Using a hot glue gun

The hot-melt glue gun is an essential part of any workshop. It is suitable for making quick joints, covering gaps, gluing cardboard, insulating electronic components… You won’t get the prettiest bonds, but for prototypes and areas that are not seen, it’s the fastest choice.

PLA can be glued with hot-melt adhesive; the only thing we have to take into account is that from 60-70 ºC the plastic begins to soften, so we have to be careful not to melt the areas of the pieces that we are going to bond.

This is the hot-melt gun that I have, a Parkside gas model. You can use a gas or electric pistol, the only difference is that it warms up a little earlier and can be carried around the workshop without worrying about the cable.

Glue PLA con acetone

Glueing PLA using acetone is an experimental technique that I discovered in the following video of Thomas Sanladerer, one of the most famous 3D printing youtubers.

As you’re going to see, the initial intention of the video was to smooth the PLA pieces with acetone, but the result is not very satisfactory. However, the surfaces of the pieces soften enough to allow them to stick to each other. You can use acetone to join large flat surfaces of ABS.

The Dremel’s technique for PLA welding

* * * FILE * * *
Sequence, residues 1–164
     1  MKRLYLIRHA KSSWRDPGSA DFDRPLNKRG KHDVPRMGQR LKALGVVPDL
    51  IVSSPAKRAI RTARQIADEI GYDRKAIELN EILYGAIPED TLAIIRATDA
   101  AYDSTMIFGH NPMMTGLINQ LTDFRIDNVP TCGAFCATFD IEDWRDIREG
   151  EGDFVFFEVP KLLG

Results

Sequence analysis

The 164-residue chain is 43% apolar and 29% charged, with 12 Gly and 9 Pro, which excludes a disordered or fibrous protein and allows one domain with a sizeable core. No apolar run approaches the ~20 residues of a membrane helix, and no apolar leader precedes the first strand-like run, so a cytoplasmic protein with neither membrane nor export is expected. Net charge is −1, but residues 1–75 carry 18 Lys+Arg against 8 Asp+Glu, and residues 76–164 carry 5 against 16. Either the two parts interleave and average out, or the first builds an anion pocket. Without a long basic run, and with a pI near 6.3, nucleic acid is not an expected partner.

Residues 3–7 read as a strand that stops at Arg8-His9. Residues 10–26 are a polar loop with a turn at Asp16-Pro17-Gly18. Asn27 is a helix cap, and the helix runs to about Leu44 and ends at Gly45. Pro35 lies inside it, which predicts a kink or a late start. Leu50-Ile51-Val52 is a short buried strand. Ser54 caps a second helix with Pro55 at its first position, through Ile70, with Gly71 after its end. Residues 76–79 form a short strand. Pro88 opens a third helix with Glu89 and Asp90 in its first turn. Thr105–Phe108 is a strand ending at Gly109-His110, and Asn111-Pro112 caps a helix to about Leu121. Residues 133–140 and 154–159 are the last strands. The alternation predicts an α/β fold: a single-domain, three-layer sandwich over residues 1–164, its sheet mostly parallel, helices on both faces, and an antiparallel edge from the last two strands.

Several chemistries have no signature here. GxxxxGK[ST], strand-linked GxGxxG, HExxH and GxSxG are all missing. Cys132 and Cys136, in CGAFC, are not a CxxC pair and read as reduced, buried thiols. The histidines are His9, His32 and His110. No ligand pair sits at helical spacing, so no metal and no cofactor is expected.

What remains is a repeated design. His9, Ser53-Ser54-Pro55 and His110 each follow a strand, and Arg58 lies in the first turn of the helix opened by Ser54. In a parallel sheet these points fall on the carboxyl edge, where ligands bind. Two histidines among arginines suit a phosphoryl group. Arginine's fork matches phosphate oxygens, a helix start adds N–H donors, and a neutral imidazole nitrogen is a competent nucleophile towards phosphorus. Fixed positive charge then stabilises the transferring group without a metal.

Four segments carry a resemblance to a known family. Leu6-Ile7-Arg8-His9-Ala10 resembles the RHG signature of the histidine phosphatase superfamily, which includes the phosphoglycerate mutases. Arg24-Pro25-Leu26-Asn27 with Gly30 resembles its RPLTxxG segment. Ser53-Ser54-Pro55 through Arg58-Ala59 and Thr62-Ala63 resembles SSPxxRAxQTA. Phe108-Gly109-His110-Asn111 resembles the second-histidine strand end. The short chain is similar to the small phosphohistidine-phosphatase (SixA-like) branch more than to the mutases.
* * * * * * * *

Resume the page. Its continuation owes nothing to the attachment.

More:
This technique doesn’t require glue or any other material: it consists of friction welding the PLA using a Dremel or any other rotary tool. A piece of filament is inserted into the Dremel’s mandrel and rotated in contact with the part so that the filament, melted by friction, fills the gaps and bonds the PLA parts.

I’ve been able to personally try this way of gluing PLA but it doesn’t quite convince me: it’s a bit messy to do (you have to stop and change the filament every time you spend it), I didn’t get a good bond or a good finish.

Perhaps for projects where you have to fill some cracks, it may be worth it, but I do not find sense to weld the pieces in this way instead of using any of the other methods.

Did you like the article?

You can’t say I haven’t given you options, you already have 5 different ways to glue your PLA parts!

If you’ve come this far, you’ve been interested in what I’ve told you. You can help me by leaving your opinion in the comments. I reply to everyone!

Read you later.

24 thoughts on “How to glue PLA? 5 ways to do it”

  1. I’ve seen youtube clips where the used woodglue on not to smooth PLA surfaces… clamped for 48 hours also provided nice results…